Teach & Train

by Katie Lee

How restaurants can address important changes to NFPA 96.

By Billy Findley

Restaurant kitchens can often be chaotic, high-pressure environments. Regardless of whether it’s a higher-end steakhouse or a small local diner, there is immense pressure to send out quality food in a quick manner. During a meal-time rush, the kitchen is bustling with line and head cooks trying to prepare and plate meals, not to mention servers constantly running in and out with food and orders.

It’s no wonder that kitchen safety practices sometimes take a backseat. However, by implementing certain safety processes, restaurant owners and managers can minimize their risk of injuries, equipment malfunctions and other disasters that could quickly derail a successful business.

One area of safety that has risen to the top recently is fire safety. Each year, an estimated 5,600 restaurant fires are reported to fire departments in the United States, resulting in injuries, deaths and property damage. Some fires are minor while others can be severe, but all interaction with an open flame presents some risk for potential harm. Incidents like these can, for the most part, be minimized or prevented entirely with the correct installation and use of fire-extinguishing equipment, hoods, ducts, fans and other cooking equipment in accordance with the National Fire Protection Association’s standard for ventilation control and fire protection of commercial cooking operations (NFPA 96).

Kitchen Fire SuppressionRecent changes to the NFPA 96 will require increased amounts of staff training on fire suppression systems and fire extinguisher operations. Let’s review these changes and how owners can help train staff effectively on the importance of fire safety in commercial cooking, keeping both their team and their business safer in the long run.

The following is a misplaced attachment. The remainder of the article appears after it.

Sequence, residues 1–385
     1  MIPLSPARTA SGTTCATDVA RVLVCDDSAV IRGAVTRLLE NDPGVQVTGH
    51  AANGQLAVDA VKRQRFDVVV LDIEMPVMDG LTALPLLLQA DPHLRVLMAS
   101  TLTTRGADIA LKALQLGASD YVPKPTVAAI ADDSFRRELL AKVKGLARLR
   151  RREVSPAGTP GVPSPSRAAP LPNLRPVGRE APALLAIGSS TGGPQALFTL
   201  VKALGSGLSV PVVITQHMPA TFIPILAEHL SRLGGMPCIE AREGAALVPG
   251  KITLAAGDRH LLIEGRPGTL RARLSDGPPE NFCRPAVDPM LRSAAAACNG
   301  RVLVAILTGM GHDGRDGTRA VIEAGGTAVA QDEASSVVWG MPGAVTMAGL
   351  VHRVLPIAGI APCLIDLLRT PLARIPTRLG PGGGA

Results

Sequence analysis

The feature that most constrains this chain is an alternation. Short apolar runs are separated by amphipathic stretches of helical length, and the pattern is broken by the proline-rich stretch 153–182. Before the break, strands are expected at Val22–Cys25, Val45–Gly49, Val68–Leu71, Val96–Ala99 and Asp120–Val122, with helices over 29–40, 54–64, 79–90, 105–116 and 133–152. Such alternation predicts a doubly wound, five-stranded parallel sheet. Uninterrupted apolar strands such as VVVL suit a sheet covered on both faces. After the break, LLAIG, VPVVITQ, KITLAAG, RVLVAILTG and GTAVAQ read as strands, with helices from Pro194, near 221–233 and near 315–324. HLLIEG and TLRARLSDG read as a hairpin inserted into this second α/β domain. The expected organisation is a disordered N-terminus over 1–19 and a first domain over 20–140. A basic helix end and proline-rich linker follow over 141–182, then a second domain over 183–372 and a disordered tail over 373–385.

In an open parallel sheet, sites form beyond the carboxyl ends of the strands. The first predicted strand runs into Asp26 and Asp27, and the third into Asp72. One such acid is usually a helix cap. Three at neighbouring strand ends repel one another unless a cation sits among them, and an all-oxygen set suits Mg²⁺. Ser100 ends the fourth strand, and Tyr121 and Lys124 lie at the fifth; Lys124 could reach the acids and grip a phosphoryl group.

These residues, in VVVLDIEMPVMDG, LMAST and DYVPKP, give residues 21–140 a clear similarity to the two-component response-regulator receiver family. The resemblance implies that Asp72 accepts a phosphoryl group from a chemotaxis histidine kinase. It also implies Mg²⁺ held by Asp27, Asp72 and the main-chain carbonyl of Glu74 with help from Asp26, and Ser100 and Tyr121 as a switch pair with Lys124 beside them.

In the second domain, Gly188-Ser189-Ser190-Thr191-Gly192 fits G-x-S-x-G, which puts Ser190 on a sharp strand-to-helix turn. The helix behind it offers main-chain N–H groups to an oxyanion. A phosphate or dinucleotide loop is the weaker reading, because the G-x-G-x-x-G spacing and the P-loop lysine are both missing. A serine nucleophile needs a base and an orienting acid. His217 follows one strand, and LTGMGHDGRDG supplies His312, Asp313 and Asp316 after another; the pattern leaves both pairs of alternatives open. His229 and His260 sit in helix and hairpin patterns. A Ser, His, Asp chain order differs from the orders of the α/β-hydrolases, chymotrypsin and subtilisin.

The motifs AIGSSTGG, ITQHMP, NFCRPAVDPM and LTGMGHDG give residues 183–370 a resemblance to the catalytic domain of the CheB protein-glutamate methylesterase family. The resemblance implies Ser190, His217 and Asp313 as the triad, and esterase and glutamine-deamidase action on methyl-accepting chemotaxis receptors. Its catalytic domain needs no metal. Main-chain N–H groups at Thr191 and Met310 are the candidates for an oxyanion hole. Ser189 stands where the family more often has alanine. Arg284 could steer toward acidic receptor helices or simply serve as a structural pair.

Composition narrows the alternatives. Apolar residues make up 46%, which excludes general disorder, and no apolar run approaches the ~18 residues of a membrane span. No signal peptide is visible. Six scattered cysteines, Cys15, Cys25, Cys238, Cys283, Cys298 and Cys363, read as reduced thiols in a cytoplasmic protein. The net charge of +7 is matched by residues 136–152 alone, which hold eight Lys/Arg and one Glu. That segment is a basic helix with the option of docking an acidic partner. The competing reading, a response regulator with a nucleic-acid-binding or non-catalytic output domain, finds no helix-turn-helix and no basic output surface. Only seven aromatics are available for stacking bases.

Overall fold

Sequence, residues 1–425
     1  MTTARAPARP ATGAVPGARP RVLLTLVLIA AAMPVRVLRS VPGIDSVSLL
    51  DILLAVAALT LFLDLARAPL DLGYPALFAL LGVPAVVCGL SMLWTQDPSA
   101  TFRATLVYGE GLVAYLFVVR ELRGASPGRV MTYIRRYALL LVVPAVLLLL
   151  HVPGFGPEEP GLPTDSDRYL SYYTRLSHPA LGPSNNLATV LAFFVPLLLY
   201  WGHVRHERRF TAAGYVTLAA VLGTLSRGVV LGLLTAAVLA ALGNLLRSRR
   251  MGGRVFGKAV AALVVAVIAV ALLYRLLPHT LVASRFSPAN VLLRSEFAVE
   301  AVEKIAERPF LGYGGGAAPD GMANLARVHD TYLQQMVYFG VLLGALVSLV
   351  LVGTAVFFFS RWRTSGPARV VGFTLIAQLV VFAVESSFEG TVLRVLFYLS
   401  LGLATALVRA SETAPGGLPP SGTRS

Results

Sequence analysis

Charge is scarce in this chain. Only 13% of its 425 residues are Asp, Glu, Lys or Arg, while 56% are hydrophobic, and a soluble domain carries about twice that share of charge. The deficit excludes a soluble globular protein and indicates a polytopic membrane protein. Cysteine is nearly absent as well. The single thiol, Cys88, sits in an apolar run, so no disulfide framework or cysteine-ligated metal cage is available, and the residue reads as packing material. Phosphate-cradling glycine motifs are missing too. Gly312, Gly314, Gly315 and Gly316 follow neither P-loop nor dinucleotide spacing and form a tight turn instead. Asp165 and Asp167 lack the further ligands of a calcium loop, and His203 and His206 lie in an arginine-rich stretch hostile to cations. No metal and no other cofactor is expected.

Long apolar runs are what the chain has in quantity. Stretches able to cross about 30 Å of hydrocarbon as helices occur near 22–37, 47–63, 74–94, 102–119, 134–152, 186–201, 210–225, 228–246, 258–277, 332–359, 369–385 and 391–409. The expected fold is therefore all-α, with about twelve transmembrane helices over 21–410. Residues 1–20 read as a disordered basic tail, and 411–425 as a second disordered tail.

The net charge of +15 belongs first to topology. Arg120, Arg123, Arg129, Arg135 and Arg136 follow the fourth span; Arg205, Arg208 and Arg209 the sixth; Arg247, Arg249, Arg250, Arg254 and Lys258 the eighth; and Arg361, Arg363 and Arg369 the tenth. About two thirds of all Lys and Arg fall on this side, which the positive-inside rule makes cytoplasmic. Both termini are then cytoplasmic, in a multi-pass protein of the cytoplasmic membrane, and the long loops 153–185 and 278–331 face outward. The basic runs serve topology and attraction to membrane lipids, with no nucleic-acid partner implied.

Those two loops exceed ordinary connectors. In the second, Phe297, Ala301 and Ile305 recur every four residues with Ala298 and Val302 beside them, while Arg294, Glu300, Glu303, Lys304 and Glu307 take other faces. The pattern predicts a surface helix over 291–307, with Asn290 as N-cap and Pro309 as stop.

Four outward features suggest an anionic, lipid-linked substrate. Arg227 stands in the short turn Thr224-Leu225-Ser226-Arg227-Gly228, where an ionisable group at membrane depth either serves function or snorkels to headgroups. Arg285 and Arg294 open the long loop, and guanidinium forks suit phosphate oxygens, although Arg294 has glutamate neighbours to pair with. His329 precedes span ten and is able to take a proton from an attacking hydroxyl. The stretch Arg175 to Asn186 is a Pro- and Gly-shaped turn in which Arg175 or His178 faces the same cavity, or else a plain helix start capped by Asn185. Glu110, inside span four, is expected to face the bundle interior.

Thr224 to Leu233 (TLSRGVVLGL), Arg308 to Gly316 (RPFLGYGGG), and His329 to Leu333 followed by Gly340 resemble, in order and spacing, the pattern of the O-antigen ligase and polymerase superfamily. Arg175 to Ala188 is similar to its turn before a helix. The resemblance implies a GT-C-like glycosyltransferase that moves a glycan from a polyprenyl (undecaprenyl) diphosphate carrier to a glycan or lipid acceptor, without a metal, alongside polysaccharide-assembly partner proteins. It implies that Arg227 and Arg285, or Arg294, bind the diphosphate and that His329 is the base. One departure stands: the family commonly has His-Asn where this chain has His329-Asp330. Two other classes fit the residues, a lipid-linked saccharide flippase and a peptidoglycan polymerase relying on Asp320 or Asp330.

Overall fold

Breaking Down The Changes

The NFPA 96-2017 ventilation control and fire protection guidelines are designed to assure safety and reliability with anticipated use through design, installation, operation, inspection and maintenance of cooking equipment and operation in adherence to the code. An area that has been updated for 2017 involves manual activation of fire suppression systems and the requirements for management to provide instructions and training to employees around those systems.

Specifically, according to NFPA 96-2017, 11.1.4, “Instructions shall be provided to new employees on hiring and ongoing to all employees on the use of portable fire extinguishers and the manual actuation of the fire-extinguishing system.” Given these new regulations, the responsibility for owners and managers to train employees has increased.

So, how can these changes in training requirements best be addressed? Through professional fire suppression and fire extinguisher use training.

Professional Fire Extinguisher Use Training